Review of Contemporary Diagnosis and Management
Douglas G. Adler, MD, FACG, AGAF, FASGE, and Ryan C. Van Woerkom, MD
Acute pancreatitis describes an acute inflammatory process of the pancreas that rapidly depletes
intravascular water and, if unchecked, promotes
regional inflammation. The severity spectrum of
acute pancreatitis ranges from mild interstitial
pancreatitis to a more severe form that includes
pancreatic necrosis, which is frequently associated
with concomitant multi-organ failure. Mild interstitial
pancreatitis has the highest prevalence, and acute
pancreatitis is typically rapid in onset. In 2005 and
2007, an estimated 230,000 patients were treated
for acute pancreatitis in hospitals in the United
States.1, 2 Recent studies have demonstrated an
increase in the incidence of acute pancreatitis,
and some have projected the incidence to be substantially higher than previously reported rates, although case-fatalities have remained stable since
1970.3 The increased frequency of acute pancreatitis may be due to the rising incidence of obesity,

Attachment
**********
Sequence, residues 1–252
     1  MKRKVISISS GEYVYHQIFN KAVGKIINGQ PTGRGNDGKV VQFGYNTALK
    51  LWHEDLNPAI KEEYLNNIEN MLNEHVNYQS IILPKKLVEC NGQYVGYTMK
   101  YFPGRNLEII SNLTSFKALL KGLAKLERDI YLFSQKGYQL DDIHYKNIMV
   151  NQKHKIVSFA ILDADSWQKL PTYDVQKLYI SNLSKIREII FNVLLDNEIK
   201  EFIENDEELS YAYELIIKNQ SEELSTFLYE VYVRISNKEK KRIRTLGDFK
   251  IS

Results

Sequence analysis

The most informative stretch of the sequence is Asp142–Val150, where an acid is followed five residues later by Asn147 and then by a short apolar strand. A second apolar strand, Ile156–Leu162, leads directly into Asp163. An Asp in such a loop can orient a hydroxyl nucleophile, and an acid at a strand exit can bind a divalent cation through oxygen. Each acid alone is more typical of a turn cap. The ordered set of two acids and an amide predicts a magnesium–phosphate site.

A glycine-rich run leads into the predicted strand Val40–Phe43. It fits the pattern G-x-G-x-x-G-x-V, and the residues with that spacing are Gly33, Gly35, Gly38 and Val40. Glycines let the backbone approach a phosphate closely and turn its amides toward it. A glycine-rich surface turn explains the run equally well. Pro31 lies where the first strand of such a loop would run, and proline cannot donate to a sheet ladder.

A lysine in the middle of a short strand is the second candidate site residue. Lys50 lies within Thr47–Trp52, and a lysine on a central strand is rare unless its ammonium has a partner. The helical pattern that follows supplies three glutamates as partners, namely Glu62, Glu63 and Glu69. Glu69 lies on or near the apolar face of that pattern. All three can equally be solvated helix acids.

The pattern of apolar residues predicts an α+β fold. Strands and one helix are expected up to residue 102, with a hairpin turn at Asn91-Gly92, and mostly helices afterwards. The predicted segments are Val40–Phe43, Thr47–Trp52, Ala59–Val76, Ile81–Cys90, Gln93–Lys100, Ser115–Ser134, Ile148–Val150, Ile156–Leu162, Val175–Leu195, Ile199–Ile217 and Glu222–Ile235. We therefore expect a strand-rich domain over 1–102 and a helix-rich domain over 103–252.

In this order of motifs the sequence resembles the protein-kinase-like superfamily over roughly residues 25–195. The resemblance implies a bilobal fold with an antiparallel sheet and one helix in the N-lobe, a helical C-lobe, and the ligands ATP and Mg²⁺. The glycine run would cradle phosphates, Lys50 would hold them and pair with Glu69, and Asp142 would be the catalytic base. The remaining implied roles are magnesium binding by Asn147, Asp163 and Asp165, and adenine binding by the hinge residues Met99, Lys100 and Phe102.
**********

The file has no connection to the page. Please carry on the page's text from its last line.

a risk factor for the development of gallstones and,
by extension, gallstone pancreatitis, 4 although an
increase in surveillance bias cannot be excluded.
Acute pancreatitis confers a heavy financial
burden. A recent study estimated that the average cost per hospitalization for acute pancreatitis
is $9870.5 It is responsible for $2.2 billion in U.S.
health care expenditures annually. The average
length of hospital stay for a patient with acute pancreatitis is approximately 5 to 6 days; children had
shorter hospital stays and adults aged 45 to 64
years had hospital stays that were 1 day longer,
on average. 3, 6, 7 Acute pancreatitis may be accompanied by life-threatening complications
as well as significant morbidity and mortality.
This article reviews the diagnosis and management of patients with acute pancreatitis.
A revision of the Atlanta classification schema
for acute pancreatitis was recently published. 6 The
revised classification delineates 2 phases of acute
pancreatitis: early and late. Severity of pancreatitis
can be classified as mild, moderate, or severe.
Mild acute pancreatitis is not associated with
organ failure or local or systemic complications
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Gastroenterology Volume 14, Part 1 1